Leona Heights is a neighborhood directly above Highway 13 from Redwood Road to just past where 13 and 580 meet. It is named after mountain lions which used to be frequent visitors to the area.

Horseshoe Creek (now mostly underground) provided the water for the Laundry Farm which slid down the hill and ended business at that location in 1857 and moved to West Oakland. The name stuck and the area continued to be a popular park. A hotel was built on the site. It burned down for the second time in 1892 and wasn't rebuilt.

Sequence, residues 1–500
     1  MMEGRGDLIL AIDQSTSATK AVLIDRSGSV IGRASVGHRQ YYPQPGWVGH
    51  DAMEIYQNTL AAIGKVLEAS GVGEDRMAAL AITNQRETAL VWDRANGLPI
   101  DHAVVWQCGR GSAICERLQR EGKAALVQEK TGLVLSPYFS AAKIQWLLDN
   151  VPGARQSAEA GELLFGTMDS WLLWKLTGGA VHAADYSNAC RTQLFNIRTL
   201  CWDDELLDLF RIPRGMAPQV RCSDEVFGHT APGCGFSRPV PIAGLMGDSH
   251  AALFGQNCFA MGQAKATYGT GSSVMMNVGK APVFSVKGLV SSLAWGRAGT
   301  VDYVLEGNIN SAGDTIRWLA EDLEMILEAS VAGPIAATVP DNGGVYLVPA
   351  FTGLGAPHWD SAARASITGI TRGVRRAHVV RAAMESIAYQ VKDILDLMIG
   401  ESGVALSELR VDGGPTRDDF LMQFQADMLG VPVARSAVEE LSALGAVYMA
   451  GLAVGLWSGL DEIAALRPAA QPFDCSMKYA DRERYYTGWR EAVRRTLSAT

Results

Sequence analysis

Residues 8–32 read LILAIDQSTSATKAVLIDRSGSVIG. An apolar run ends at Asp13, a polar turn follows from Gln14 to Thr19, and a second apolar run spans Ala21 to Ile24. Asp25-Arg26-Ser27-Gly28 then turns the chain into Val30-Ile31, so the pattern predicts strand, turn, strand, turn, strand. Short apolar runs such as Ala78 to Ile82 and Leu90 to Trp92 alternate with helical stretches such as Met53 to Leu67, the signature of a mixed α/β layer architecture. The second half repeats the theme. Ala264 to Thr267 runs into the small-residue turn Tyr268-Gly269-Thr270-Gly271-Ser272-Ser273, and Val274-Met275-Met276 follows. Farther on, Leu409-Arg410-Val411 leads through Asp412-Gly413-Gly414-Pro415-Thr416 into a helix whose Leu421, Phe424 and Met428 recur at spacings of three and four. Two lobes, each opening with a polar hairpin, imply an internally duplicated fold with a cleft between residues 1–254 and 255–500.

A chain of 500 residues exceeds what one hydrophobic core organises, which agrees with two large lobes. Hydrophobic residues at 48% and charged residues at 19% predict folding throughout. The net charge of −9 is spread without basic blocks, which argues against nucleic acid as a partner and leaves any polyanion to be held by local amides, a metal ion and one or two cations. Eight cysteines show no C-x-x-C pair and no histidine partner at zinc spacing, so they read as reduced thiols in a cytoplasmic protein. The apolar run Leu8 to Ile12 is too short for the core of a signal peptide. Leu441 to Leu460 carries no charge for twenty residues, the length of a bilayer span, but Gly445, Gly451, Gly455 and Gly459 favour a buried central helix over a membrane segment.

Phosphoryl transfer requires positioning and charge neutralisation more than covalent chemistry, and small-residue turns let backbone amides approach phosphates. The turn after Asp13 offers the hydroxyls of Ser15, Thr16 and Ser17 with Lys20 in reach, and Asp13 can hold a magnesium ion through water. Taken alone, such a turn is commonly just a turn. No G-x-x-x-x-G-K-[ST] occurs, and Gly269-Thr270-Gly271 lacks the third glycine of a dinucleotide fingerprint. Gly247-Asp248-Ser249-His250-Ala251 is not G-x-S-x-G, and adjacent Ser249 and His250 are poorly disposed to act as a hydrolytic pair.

The Realty Syndicate began developing and advertising the area in the 1920s. Before the area was developed, the area was home to mostly small farms and lots of chicken farms. The Realty Syndicate seemed to feel this was a big marketing boon and talked up the ability to raise healthy chickens in the area as a selling point.

The area was also billed as good spot for commuters: it was located a convenient walk or streetcar ride away from the Chevrolet Auto Factory or the Durant Motor Company.

Historically, Leona Heights referred to a wider area of the hills including the Leona Canyon Regional Open Space Preserve, and some historic mines and quarries including the Alma Mine, Devil's Punchbowl.

Pages tagged “Leona Heights”

Links and References

  1. Alameda County: The Eden of the Pacific. Tribune Publishing Co: 1898.
  2. Mailman, Erika. Oakland's Neighborhoods. Oakland: Mailman Press, 2005.